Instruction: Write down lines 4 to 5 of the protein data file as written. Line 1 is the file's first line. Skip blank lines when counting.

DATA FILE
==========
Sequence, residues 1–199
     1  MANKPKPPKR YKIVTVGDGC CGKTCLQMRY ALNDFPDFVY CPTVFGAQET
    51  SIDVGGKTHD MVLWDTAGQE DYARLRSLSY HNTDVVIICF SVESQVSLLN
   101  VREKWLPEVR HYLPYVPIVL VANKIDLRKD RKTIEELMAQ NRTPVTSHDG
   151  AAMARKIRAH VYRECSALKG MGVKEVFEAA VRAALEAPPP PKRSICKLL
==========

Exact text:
   101  VREKWLPEVR HYLPYVPIVL VANKIDLRKD RKTIEELMAQ NRTPVTSHDG
   151  AAMARKIRAH VYRECSALKG MGVKEVFEAA VRAALEAPPP PKRSICKLL